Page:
One of the most mind-boggling acheivements in the history of human thought is the proof that the fifth degree equation is unsolvable. It's one thing to solve a hard equation, and another thing to prove that you can't solve it. It's a fascinating story that isn't well told.
We torture high school students with the solution of the quadratic equation. Most people will remember it as the hardest formula they ever had to memorize. This completely misses the essential point about the solving the quadratic: the equation is the simplest possible equation that makes sense. Reduced to its essence, the quadratic formula basically says: the solution of the quadratic equations is a number plus the square root of a number:
A fascinating thing happens when we move on to the cubic equation. Here again, the standard treatments are horribly misguided, by my way of thinking. Normally they take you through some very difficult algebra whose end result is a horribly intimidating mass of symbols. "This", they tell you, "is the solution of the cubic equation. The fourth degree is even more complicated."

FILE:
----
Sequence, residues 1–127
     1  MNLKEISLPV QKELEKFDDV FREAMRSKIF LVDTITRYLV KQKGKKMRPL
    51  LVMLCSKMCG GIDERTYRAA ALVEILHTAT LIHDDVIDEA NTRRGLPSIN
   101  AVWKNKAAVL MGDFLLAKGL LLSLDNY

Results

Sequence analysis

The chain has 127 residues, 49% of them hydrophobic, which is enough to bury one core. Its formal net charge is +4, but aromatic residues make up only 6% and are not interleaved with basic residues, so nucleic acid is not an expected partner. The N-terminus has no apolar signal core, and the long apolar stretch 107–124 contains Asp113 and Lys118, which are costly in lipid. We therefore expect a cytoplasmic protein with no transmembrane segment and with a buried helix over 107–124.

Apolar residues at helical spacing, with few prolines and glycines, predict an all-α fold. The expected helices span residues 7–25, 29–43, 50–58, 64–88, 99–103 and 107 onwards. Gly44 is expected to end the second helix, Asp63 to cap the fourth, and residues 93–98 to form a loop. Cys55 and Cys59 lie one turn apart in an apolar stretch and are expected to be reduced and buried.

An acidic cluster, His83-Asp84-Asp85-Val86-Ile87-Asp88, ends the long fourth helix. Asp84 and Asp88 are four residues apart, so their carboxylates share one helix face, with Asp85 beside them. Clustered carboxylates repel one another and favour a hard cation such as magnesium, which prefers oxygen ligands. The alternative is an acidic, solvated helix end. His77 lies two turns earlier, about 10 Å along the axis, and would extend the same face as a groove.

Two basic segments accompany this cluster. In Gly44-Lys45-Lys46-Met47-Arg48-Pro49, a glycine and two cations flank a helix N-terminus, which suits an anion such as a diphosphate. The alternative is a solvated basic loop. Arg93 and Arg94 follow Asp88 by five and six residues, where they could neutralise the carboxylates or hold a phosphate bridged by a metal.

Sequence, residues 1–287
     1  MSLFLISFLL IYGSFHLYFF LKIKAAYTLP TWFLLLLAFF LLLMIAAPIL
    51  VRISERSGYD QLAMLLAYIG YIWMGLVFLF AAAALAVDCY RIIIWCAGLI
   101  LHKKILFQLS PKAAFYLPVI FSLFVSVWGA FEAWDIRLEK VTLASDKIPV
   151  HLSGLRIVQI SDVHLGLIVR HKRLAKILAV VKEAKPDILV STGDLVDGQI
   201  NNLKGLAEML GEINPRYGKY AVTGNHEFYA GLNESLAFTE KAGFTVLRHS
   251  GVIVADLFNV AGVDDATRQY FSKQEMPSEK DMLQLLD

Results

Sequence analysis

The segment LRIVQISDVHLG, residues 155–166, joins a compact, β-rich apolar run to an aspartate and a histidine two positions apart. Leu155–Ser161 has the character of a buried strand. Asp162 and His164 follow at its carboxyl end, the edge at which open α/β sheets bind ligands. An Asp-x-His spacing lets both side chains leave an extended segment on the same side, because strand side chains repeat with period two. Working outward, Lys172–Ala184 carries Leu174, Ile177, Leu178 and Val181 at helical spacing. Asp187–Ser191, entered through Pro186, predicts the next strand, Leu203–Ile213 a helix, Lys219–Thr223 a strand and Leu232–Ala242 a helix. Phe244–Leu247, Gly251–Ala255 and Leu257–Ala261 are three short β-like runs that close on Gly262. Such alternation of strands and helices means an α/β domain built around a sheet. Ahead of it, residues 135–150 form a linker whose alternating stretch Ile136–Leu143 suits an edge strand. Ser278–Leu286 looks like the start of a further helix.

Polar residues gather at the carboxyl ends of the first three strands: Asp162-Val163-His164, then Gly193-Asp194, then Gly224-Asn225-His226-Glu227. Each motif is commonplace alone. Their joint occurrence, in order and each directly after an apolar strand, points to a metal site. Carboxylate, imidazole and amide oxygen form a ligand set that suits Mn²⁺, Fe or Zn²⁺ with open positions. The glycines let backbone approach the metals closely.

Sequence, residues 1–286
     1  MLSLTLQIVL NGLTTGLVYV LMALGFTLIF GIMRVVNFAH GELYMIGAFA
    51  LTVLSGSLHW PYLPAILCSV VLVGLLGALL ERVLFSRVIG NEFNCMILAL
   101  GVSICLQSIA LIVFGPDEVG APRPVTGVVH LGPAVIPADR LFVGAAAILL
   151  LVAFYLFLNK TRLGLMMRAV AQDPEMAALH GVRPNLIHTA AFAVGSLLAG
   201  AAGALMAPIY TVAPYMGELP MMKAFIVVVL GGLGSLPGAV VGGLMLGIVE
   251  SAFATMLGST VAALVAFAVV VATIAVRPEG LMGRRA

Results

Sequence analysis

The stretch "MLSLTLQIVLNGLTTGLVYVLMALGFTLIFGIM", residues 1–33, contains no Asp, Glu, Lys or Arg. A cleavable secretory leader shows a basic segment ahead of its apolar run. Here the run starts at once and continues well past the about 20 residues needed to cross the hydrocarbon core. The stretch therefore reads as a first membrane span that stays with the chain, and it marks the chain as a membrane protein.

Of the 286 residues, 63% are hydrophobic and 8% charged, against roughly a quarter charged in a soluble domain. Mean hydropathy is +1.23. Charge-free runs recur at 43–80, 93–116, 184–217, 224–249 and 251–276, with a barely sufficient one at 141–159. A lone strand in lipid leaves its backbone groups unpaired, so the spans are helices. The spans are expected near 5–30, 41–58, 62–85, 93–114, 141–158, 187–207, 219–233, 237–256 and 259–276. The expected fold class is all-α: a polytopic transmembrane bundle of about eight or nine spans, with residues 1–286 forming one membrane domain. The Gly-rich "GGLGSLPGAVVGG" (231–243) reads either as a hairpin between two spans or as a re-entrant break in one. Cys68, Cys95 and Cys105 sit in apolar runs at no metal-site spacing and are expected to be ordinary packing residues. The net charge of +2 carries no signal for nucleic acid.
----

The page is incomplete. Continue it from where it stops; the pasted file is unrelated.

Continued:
Instead of emphasizing the complexity of the solutions, the correct approach is to recognize their simplicity. We look for the simplest possible solution of the cubic equation: and by analogy with our simplified solution to the quadratic equation, we look first to the obvious: a number plus the cube root of a number:
In particular, since every quadratic equation is also a cubic equation (albeit with a leading coefficient of zero), we need a formula that allows for taking square roots as well as cube roots. The least complicated formulas that fill these minimal requirements would be something like this:
In fact, it's not too hard to verify that formula we've written is the solution of a fairly simple sixth-degree equation in alpha. You can generate the exact equation by cubing both sides, collecting terms, and then squaring both sides again. But that's not where we want to go with this.
The real question is: how do we write a solution for the cubic equation that is powerful enough to do the job, and at the same time doesn't generate too many solutions?
Let's take that up when we return.